Upon Mount Hor Aaron died and was buried. Moses, Aaron's brother, and Eleazar, his son, accompanied him to the mount. The painful duty was laid upon Moses to remove from his brother Aaron the sacerdotal robes and place them upon Eleazar, for God had said that he should succeed Aaron in the priesthood. Moses and Eleazar witnessed the death of Aaron, and Moses buried him in the mount. This scene upon Mount Hor carries our minds back to some of the most striking events in the life of Aaron.
Aaron was a man of amiable disposition, whom God selected to stand with Moses and speak for him; in short, to be mouthpiece for Moses. God might have chosen Aaron as leader; but He who is acquainted with hearts, who understands character, knew that Aaron was yielding and lacked moral courage to stand in defense of the right under all circumstances, irrespective of consequences. Aaron's desire to have the good will of the people sometimes led him to
commit great wrongs. He too frequently yielded to their entreaties, and in so doing dishonored God. The same lack of firmness for the right in his family resulted in the death of two of his sons. Aaron was eminent for piety and usefulness, but he neglected to discipline his family. Rather than perform the task of requiring respect and reverence of his sons, he allowed them to follow their inclinations. He did not discipline them in self-denial, but yielded to their wishes. They were not disciplined to respect and reverence parental authority. The father was the proper ruler of his own family as long as he lived. His authority was not to cease, even after his children were grown up and had families of their own. God Himself was the monarch of the nation, and from the people He claimed obedience and honor.
The order and prosperity of the kingdom depended upon the good order of the church. And the prosperity, harmony, and order of the church depended upon the good order and thorough discipline of families. God punishes the unfaithfulness of parents, to whom He has entrusted the duty of maintaining the principles of parental government, which lie at the foundation of church discipline and the prosperity of the nation. One undisciplined child has frequently marred the peace and harmony of a church, and incited a nation to murmuring and rebellion. In a most solemn manner the Lord has enjoined upon children their duty to affectionately respect and honor their parents. And on the other hand He requires parents to train up their children and with unceasing diligence to educate them with regard to the claims of His law and to instruct them in the knowledge and fear of God. These injunctions which God laid upon the Jews with so much solemnity, rest with equal weight upon Christian parents. Those who neglect the light and instruction which God has given in His word in regard to training their children and commanding their house holds after them, will have a fearful account to settle. Aaron's criminal neglect to command the respect and reverence of his sons resulted in their death.
God distinguished Aaron by choosing him and his male posterity for the priesthood. His sons ministered in the sacred office. Nadab and Abihu failed to reverence the command of God to offer sacred fire upon their censers with the incense before Him. God had forbidden them, upon pain of death, to present the common fire before Him with the incense.
But here is seen the result of loose discipline. As these sons of Aaron had not been educated to respect and reverence the commands of their father, as they disregarded parental authority, they did not realize the necessity of explicitly following the requirements of God. When indulging their appetite for wine and while under its exciting stimulus, their reason was clouded, and they could not discern the difference between the sacred and the common. Contrary to God's express direction, they dishonored Him by offering common instead of sacred fire. God visited them with His wrath; fire went forth from His presence and destroyed them.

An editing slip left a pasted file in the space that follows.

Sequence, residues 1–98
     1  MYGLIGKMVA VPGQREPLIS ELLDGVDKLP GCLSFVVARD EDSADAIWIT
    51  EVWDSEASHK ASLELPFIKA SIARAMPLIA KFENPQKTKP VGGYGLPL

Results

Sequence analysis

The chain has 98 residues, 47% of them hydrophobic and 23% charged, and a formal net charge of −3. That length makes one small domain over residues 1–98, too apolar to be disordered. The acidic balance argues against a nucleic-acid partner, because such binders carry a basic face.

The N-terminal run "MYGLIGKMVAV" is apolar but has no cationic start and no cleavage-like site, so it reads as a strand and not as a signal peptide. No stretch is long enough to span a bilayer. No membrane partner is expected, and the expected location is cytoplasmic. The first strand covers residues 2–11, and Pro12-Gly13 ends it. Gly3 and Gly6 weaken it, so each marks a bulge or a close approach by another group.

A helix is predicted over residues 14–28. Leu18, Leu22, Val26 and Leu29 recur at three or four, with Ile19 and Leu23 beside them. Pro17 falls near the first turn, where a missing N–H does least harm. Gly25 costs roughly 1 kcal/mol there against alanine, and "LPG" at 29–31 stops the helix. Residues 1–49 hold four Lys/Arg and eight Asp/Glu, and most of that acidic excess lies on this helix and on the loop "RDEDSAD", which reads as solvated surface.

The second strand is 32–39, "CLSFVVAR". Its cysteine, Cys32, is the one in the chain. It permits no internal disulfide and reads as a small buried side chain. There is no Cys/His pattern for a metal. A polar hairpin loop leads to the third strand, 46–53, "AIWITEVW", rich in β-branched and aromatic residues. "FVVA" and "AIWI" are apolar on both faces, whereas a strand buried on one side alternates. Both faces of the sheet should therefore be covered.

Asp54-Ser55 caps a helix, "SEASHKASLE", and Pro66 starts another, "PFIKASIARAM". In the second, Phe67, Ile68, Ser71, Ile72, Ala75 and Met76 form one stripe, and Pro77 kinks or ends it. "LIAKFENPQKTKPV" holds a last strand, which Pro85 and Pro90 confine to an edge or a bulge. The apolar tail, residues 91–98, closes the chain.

Aaron bore his severe affliction with patience and humble submission. Sorrow and keen agony wrung his soul. He was convicted of his neglect of duty. He was priest of the most high God, to make atonement for the sins of the people. He was priest of his household, yet he had been inclined to pass over the folly of his children. He had neglected his duty to train and educate them to obedience, self-denial, and reverence for parental authority. Through feelings of misplaced indulgence, he failed to mold their characters with high reverence for eternal things. Aaron did not see, any more than many Christian parents now see, that his misplaced love and the indulgence of his children in wrong was preparing them for the certain displeasure of God and for His wrath to break forth upon them to their destruction. While Aaron neglected to exercise his authority, the justice of God awakened against them. Aaron had to learn that his gentle remonstrance, without a firm exercise of parental restraint, and his imprudent tenderness toward his sons were cruelty in the extreme. God took the work of justice into His own hands and destroyed the sons of Aaron.
When God called for Moses to come up into the mount, it was six days before he was received into the cloud, into the immediate presence of God. The top of the mountain was all aglow with the glory of God. And yet even while the children of Israel had this glory in their very sight, unbelief was so natural to them that they began to murmur with discontent because Moses was absent. While the glory of God signified His sacred presence upon the mountain, and their leader was in close converse with God, they should have been sanctifying themselves by close searching of heart, humiliation, and godly fear. God had left Aaron and Hur to take the place of Moses. In his absence the people were to consult and advise with these men of God's appointment.